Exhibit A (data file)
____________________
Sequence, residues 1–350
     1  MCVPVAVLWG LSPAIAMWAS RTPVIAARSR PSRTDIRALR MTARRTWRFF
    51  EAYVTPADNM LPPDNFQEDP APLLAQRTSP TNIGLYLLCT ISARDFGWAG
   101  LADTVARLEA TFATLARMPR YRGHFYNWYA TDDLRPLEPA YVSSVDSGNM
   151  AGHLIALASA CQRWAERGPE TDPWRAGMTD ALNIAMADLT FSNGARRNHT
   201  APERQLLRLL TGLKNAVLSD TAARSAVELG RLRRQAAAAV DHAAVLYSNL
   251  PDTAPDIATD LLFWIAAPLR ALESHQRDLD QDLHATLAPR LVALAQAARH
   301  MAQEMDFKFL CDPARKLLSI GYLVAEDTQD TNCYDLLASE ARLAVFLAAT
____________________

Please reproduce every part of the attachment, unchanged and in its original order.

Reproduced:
Sequence, residues 1–350
     1  MCVPVAVLWG LSPAIAMWAS RTPVIAARSR PSRTDIRALR MTARRTWRFF
    51  EAYVTPADNM LPPDNFQEDP APLLAQRTSP TNIGLYLLCT ISARDFGWAG
   101  LADTVARLEA TFATLARMPR YRGHFYNWYA TDDLRPLEPA YVSSVDSGNM
   151  AGHLIALASA CQRWAERGPE TDPWRAGMTD ALNIAMADLT FSNGARRNHT
   201  APERQLLRLL TGLKNAVLSD TAARSAVELG RLRRQAAAAV DHAAVLYSNL
   251  PDTAPDIATD LLFWIAAPLR ALESHQRDLD QDLHATLAPR LVALAQAARH
   301  MAQEMDFKFL CDPARKLLSI GYLVAEDTQD TNCYDLLASE ARLAVFLAAT